There’s a lot of research evidence out there to support the notion that more than 75% of book sales are earned by the quality of their covers. It’s easy to understand that a strong title and graphics will grab a buyer’s attention – and in a marketplace with more than a zillion titles floating around, an author needs all the edge he or she can get.


Let’s face it, there are some real turkeys out there and no matter what lies between the covers it’s unlikely these books will ever get more than the briefest of glances before a potential reader’s eye roams quickly to the next in line.


So how do authors give themselves a fighting chance of getting noticed? It’s simple – get a cover that makes people pause when they scan the bookshelves or run through the endless pages of listings on the Amazon website. SEE MORE AT:

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The comments made here are really constructive and should be helpful to authors considering how much effort they should put into their covers. There are a lot of ideas here for them.

This is of course self-serving, but it could also widen the discussion of covers. I'd like you to look at mine and tell me what you think.

My agent and I recently parted ways over my main character, a stockbroker. After trying for two years, she says the profession is unsaleable as a series lead. (Maybe she was being kind, but several editors told me the same thing personally). I recently got the rights back to my first two Austin Carr books and have two more written. I was in the process of self-publishing thru Amazon when another agent entered the picture and is currently showing Austin in other places. However, I just received the first cover I'd commissioned, and wonder what you people think. The blood splatter is the artist's theme which would run thru all four books. Impressions ....?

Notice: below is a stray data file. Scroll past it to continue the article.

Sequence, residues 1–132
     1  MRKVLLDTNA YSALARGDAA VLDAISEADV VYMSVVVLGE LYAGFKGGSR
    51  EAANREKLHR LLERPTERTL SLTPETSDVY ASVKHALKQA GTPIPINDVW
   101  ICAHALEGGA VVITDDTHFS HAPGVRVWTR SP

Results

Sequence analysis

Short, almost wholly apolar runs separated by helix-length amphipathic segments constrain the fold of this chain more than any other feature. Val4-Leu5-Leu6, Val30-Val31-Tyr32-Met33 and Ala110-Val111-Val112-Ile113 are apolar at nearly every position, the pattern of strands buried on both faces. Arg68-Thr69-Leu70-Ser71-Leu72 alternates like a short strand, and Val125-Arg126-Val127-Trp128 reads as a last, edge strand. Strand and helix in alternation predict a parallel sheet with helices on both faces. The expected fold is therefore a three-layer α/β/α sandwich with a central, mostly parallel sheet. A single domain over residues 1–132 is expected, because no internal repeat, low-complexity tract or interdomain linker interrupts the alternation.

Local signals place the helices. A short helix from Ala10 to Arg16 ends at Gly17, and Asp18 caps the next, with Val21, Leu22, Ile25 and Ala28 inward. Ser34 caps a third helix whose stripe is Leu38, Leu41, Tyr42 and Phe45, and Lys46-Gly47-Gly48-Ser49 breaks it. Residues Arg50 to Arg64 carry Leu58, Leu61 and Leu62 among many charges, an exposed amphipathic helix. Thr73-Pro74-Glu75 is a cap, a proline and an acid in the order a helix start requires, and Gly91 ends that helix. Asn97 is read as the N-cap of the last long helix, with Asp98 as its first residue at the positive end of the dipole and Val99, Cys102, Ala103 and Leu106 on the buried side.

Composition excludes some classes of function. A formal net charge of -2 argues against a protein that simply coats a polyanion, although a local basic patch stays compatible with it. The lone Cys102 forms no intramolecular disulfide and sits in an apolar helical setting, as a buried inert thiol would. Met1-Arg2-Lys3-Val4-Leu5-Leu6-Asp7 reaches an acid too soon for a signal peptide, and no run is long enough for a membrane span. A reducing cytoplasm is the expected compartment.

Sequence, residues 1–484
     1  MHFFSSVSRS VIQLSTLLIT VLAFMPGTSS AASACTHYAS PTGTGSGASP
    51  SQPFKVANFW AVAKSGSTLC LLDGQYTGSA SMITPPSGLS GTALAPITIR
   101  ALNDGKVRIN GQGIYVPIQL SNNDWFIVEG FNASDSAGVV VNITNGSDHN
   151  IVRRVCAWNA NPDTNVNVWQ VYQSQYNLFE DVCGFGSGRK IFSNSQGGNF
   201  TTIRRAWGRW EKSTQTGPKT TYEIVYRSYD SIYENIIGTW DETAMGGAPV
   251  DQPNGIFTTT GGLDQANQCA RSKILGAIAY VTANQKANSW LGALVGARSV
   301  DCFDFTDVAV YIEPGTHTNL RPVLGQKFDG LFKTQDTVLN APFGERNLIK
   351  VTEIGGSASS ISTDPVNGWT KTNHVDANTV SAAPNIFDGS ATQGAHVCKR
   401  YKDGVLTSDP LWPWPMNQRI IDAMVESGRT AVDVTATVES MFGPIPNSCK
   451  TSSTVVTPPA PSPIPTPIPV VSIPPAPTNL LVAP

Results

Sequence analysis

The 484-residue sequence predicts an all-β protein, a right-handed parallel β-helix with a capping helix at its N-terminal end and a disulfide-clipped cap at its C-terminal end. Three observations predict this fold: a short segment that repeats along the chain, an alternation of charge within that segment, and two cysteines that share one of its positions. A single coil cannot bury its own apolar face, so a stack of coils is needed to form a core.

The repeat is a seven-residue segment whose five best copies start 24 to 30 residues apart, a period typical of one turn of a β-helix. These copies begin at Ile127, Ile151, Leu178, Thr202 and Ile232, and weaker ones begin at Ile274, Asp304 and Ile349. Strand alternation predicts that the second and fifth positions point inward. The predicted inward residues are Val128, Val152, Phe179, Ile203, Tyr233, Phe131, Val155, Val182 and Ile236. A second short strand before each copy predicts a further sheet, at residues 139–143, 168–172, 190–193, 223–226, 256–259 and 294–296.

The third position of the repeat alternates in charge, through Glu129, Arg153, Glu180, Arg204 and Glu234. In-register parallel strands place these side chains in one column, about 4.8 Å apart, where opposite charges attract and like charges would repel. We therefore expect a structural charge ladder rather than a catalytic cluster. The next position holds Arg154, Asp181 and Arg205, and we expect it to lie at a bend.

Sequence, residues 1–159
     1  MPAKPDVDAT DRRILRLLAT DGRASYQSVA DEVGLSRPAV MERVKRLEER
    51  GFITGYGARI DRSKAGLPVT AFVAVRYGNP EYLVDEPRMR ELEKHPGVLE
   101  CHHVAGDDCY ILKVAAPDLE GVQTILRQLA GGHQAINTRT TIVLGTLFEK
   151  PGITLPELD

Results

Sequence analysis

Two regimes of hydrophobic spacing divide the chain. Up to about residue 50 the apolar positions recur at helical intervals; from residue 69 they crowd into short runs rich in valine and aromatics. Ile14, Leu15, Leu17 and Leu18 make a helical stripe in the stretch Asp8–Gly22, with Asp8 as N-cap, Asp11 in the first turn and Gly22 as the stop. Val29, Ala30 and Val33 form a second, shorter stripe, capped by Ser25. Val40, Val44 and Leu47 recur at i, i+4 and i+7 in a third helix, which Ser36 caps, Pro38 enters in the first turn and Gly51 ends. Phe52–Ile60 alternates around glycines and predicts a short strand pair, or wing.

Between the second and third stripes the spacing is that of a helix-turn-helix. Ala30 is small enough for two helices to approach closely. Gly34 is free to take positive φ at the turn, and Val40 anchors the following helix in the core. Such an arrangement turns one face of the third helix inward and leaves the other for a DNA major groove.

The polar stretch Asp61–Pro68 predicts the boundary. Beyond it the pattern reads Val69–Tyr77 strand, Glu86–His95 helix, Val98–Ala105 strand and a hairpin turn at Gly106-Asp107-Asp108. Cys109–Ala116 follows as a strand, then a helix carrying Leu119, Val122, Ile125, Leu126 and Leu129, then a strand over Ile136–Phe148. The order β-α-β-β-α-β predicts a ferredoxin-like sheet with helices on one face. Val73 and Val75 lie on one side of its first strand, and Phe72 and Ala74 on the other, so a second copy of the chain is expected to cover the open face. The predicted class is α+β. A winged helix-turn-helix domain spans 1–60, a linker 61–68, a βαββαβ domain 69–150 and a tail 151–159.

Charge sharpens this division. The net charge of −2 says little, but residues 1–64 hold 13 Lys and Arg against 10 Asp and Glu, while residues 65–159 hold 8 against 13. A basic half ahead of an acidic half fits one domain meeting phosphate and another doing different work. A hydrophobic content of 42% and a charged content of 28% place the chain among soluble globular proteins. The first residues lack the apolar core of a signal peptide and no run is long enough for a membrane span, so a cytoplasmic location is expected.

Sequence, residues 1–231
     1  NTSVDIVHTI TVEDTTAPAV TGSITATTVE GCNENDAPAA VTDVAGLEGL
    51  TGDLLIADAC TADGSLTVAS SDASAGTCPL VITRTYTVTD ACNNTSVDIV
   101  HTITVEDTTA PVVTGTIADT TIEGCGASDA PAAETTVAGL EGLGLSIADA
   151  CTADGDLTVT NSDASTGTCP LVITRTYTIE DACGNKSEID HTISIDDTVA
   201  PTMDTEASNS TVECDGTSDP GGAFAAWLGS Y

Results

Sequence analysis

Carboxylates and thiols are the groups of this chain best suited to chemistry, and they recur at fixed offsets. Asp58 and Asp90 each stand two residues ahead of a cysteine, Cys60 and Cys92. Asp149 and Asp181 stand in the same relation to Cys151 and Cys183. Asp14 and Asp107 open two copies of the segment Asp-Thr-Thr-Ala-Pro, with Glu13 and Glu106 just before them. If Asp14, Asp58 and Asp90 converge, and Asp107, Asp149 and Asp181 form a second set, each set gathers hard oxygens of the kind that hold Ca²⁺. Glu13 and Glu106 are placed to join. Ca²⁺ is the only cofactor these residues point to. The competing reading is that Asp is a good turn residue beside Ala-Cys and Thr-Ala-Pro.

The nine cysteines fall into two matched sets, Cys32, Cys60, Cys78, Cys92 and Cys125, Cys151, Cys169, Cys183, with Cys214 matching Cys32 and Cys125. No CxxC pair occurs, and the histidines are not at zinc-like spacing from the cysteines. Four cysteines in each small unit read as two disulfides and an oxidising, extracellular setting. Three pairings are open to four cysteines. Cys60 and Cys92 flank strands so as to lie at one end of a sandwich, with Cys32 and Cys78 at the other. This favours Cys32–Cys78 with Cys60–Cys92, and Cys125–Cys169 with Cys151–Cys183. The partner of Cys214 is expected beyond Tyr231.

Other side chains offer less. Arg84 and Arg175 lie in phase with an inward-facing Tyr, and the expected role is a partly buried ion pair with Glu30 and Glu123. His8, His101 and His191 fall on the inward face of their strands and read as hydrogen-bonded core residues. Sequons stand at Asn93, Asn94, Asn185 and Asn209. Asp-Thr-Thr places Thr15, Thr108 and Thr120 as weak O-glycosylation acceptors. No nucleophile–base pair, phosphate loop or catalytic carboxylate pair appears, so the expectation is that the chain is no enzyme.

Oh, and Neil? Feel free to be overwhelmed and buy the series. 

To be honest, Jack, there's a bit of a disconnect between the image and the phrase, "Darkly comic."



It's about fishing?

Jack this is a nice eye-catching cover but it's confusing. When I look at your cover, I think of a Science Fiction book like Jaws or something. Am I on the wrong track?

If this is a mystery and crime novel, I just wonder what's with the fish? Is this like someone is killing people and throwing them in the water or what?

Sorry if I just didn't get it. I do think it's a very engaging cover. But it would confuse me because of that fish. When you have a fish or shark on the cover, people are gonna assume the book has to do with the sea, fish, etc.

If it doesn't then I would lose the fish, personally. I think it would throw a lot of people off.

I like the cover better without the fish but I also agree with John about the "Darkly Comic" thing. This cover doesn't fit that description at all to me.

I much appreciate the input, ladies and gents. Thank you for the free consultations! And no, IJ, it's not ABOUT fishing, but the murder weapon is a blue fin tuna. The first cover from H&H had a camper.

This cover really catches my eye, Jack. The background makes me want to find out more.

I think so, too, Grant, but Johnny Mack is right -- there is nothing COMIC on this cover. Although I notice Jon Loomis's new one from Minotaur has nothing indicating 'screwball mystery" either, which is the general mystery sub-category for both of us, leaders being Evanovich and Hiassen. Looking on Amazon, the screwball covers I sent my artist were mainly indicated by bright solid covers -- orange, pink, yellow, and red, but the humor element was very soft, if present. Odd knick knacks or images.

Since the fish is relevant, I like the cover.  Clean and easy to read.

The cover above is for my upcoming eShort that will also contain the opening chapters to my new series with Midnight Ink, beginning with Angel With A Bullet. Both of these are darkly comical, although the humour (which is already being praised in early reviews) forms the undertone and attitude of the protagonist, while the plot has a mystery action edge. The cover below definitely doesn't say "may contain humour" but Midnight Ink decided it was the location of the mystery that they wanted to convey.

I also like the cover for ANGEL.  The short story one is ok (I also don't worry too much about short story covers) though it looks massively violent.


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